The current study demonstrates that staff are engaged with EBM and those that used the National Elf Service felt it did, or could have the potential to impact on their clinical practice. However, barriers and challenges to engagement suggest more targeted efforts should be made to embed evidence-based practice into the working culture.
- I think the authors missed a trick in not linking the pre and post surveys. The reason given is that they were anonymous, but there are ways of getting round this (you can give people a code, or use a psudeo-anonymous way of identifying like asking for their date of birth). This would have made full use of the longitudinal design by checking what the impact was for people who attended the sessions, rather than relying on self-report.
- The authors report that the face-to-face intervention was more effective than email at increasing uptake. However, given that lack of time was a reported barrier to engaging with the National Elf Service, is there a mismatch here with trying to use such time-intensive methods to increase uptake? Would alternative methods, such as having National Elf Service ‘champions’, a regular reminder system, or linking it more explicitly with continuing professional development, be more effective and potentially easier to implement?
- The presence of the embedded research team could have been discussed more. It wasn’t clear to me whether they did any active work following the presentations to encourage use, which could have inflated the results. Alternatively, the fact that staff had access to researchers may have decreased their need for a digital service like the National Elf Service. Ideally, the study would have included comparator groups who didn’t have the research team support.
- I was quite surprised by how high the reported levels of engagement with “primary sources” such as journal articles were. I think ‘engagement’ could be unpicked a bit here; do staff mean that they read the full articles, or the abstracts? I think a benefit of the National Elf Service is the evaluation of the quality of the evidence, not just reporting the findings, and I wonder how many staff regularly evaluate what they read (I may be hugely under-estimating staff here, and please tell me in the comments if so!)
- What is meant by staff ‘using’ evidence could also be unpacked. Does this mean following a guideline? Differentiating between treatments for individual patients? Awareness more widely of what evidence says is effective or not?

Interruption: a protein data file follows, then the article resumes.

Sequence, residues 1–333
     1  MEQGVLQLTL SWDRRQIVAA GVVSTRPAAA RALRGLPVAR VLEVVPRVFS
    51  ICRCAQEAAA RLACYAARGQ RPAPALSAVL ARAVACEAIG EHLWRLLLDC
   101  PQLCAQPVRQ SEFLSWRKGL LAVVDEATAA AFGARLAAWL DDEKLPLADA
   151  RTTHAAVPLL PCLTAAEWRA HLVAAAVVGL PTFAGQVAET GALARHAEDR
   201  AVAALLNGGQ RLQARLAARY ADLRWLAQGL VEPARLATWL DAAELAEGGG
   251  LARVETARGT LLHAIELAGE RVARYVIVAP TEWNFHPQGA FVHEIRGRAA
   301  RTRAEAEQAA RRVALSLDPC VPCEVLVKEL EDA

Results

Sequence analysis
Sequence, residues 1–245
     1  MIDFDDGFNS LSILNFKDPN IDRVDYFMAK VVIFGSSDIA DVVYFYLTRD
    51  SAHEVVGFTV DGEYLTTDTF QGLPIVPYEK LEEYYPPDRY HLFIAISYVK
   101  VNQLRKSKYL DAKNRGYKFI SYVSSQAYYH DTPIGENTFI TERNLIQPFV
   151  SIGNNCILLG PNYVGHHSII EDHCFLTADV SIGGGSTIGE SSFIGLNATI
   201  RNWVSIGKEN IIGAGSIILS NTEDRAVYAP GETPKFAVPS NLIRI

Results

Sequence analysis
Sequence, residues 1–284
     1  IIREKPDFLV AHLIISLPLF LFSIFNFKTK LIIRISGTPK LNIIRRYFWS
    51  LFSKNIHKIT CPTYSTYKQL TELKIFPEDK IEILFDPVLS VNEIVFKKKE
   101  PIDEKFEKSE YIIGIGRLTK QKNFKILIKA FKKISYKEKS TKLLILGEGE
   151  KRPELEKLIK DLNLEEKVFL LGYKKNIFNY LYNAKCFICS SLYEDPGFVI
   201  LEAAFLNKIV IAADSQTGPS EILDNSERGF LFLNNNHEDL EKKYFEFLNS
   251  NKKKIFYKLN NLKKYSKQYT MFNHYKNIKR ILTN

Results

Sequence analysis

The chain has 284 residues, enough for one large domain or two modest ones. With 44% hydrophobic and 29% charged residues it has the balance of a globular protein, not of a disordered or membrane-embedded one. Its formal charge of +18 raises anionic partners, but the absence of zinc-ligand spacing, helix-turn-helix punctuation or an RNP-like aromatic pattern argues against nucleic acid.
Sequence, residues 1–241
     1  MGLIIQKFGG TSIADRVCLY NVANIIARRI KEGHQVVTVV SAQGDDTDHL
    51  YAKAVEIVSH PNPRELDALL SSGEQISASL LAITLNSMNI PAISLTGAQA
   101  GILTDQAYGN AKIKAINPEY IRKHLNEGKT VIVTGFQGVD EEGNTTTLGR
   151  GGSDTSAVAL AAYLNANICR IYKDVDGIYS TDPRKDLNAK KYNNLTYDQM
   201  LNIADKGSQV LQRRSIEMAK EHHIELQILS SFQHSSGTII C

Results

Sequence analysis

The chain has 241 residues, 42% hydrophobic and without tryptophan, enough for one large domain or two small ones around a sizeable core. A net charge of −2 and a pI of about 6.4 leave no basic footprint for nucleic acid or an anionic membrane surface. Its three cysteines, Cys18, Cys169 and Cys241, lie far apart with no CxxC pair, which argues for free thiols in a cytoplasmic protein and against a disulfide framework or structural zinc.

- For both of the above, more in-depth qualitative research could be helpful, though the survey format used here is appropriate for assessing broad impact across the large sample, so this isn’t a criticism of the study itself.
- The most damning methodological limitation is the failure to address whether André delivering the sessions dressed in full Elf regalia would have made any difference. I would like to see a multi-factorial design including whether having bells on his shoes increased or decreased use of the service. This is essential FOR SCIENCE.
Conflict of interest
This Mental Elf blog presents the results of a study conducted by researchers at the Oxford Health NHS Foundation Trust. The intervention being evaluated in this study is the National Elf Service, which is developed and owned by Minervation Ltd, the company behind this website and all of the elf blogs including the Mental Elf. That’s pretty meta huh? Give us a shout if you don’t get it, or indeed if you want further details of the National Elf Service!
Forthcoming #EBMHchat hangout
Chief Elf André Tomlin will be joining lead author of this study Lauren Atkinson and other members of the Evidence Based Mental Health journal team in a live Google Hangout at 3pm BST on 13th October 2017. They will be discussing this paper and related matters. Do join them by watching the live YouTube stream and joining the discussion on Twitter at #EBMHchat.
Atkinson LZ, Forrest A, Marriner L, Geddes JR, Cipriani A. (2017) Implementing tools to support evidence-based practice: a survey and brief intervention study of the National Elf Service across Oxford Health NHS Foundation Trust. Evidence-Based Mental Health 2017;20:41-45.